# Unit information: Cryptography A in 2018/19

Please note: It is possible that the information shown for future academic years may change due to developments in the relevant academic field. Optional unit availability varies depending on both staffing and student choice.

Unit name Cryptography A COMS30002 10 H/6 Teaching Block 1 (weeks 1 - 12) Dr. Stam Not open COMS20002 or a comparable background in discrete mathematics None Department of Computer Science Faculty of Engineering

## Description

Cryptography is a highly interdisciplinary field, with a lengthy and interesting history stemming from mathematical roots. Starting from historical ciphers (e.g., letter substitution etc.), the aim of this unit is to introduce various fundamentals of cryptography from a modern perspective. The main focus is design and security aspects of schemes used to ensure secrecy and authenticity; we all routinely rely on such schemes in use-cases such as network communication and storage.

The syllabus will include aspects of (but is not limited to):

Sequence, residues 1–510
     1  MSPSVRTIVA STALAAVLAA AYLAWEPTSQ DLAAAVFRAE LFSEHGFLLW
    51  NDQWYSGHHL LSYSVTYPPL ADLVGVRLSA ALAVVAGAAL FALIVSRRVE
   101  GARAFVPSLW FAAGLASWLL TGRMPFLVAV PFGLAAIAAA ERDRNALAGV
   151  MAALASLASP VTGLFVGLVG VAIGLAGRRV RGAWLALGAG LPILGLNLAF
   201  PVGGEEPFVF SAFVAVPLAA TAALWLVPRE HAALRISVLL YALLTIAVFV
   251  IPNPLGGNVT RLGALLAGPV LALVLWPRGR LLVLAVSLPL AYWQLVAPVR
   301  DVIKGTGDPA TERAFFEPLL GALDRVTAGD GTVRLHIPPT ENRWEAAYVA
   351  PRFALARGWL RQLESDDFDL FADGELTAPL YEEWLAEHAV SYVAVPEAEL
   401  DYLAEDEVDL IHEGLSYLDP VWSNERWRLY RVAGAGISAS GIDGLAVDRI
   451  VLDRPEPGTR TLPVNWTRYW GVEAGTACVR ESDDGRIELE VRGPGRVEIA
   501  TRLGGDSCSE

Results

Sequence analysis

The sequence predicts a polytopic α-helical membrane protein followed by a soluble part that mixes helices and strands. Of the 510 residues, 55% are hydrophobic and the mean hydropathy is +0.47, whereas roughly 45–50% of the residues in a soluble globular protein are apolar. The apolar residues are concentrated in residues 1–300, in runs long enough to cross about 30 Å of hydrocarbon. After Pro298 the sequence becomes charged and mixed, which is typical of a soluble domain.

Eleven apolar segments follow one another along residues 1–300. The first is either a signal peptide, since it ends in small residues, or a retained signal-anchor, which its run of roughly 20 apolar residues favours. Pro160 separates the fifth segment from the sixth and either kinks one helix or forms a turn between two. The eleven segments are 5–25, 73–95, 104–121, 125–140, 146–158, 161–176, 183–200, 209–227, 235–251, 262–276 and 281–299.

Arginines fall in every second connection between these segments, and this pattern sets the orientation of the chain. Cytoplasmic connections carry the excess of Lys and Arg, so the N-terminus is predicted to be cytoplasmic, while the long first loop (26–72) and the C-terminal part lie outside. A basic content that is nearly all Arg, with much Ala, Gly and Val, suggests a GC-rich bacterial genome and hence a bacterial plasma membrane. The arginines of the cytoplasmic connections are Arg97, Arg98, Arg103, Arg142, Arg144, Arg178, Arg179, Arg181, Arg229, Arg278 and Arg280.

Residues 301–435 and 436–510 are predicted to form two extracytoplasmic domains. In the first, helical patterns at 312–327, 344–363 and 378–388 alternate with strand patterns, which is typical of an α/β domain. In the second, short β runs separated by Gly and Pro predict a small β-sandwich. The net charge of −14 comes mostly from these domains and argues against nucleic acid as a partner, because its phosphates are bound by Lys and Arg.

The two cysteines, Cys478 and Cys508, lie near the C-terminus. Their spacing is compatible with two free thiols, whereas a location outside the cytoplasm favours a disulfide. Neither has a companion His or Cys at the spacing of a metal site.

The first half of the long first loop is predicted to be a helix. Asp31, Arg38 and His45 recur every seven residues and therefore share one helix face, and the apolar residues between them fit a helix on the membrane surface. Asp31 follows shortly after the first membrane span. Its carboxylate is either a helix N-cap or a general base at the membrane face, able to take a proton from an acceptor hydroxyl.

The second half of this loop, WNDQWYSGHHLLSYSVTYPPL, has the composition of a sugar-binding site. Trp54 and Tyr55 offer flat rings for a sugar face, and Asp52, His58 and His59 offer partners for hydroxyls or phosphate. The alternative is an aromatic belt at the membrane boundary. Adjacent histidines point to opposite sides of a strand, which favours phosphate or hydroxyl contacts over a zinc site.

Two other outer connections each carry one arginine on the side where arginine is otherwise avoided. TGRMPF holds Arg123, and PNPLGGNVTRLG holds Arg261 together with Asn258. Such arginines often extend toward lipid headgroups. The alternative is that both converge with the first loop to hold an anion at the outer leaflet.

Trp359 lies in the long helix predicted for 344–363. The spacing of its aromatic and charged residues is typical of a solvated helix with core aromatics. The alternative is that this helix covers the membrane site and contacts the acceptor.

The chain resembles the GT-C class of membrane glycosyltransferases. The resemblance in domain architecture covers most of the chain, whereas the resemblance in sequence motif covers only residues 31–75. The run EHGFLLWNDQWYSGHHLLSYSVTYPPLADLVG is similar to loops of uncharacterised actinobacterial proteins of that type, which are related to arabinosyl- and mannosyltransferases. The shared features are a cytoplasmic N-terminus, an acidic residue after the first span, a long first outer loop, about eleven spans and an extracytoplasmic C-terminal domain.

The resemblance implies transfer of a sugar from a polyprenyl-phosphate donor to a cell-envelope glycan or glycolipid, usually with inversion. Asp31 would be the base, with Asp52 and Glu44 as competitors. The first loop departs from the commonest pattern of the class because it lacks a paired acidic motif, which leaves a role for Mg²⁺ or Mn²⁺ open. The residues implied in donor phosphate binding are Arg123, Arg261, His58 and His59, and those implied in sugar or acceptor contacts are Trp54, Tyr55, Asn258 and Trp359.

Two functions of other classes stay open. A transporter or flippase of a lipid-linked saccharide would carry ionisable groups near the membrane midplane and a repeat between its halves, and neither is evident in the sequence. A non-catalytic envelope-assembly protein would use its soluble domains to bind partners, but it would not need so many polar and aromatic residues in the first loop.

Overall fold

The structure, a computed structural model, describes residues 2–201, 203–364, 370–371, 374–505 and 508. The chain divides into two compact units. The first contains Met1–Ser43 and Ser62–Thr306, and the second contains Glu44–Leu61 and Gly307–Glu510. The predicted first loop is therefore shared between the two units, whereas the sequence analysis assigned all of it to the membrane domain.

• Mathematical preliminaries: basic modular arithmetic (inc. CRT); basic group and field theory; fundamental algorithms (e.g., GCD); cryptographic reductions.
• Symmetric cryptography: security models and proofs; encryption schemes (e.g., AES); cryptographic hash functions and MACs; modes of operation (e.g., CBC, CTR etc.); basic cryptanalysis.
• Asymmetric cryptography: security models and proofs; encryption schemes (e.g., RSA and ElGamal); digital signature schemes (e.g., RSA signatures, or DSA); modes of operation (i.e., padding schemes etc.); basic cryptanalysis.

## Intended learning outcomes

After following this unit you should be able to:

• Explain and apply the principles of modern cryptology in the context of secure communication
• Explain and demonstrate the functionality and desired security of standard cryptographic schemes used for confidentiality and authenticity.
• Link the design and operation of standard, state-of-the-art symmetric and asymmetric cryptographic schemes to their mathematical underpinnings.
• Use basic cryptanalytic techniques to evaluate the security level of simple cryptographic schemes.

## Teaching details

20 hours of lectures (2 hours per week), 10 hours of (supervised, but non-taught) problem classes (1 hour per week).

100% exam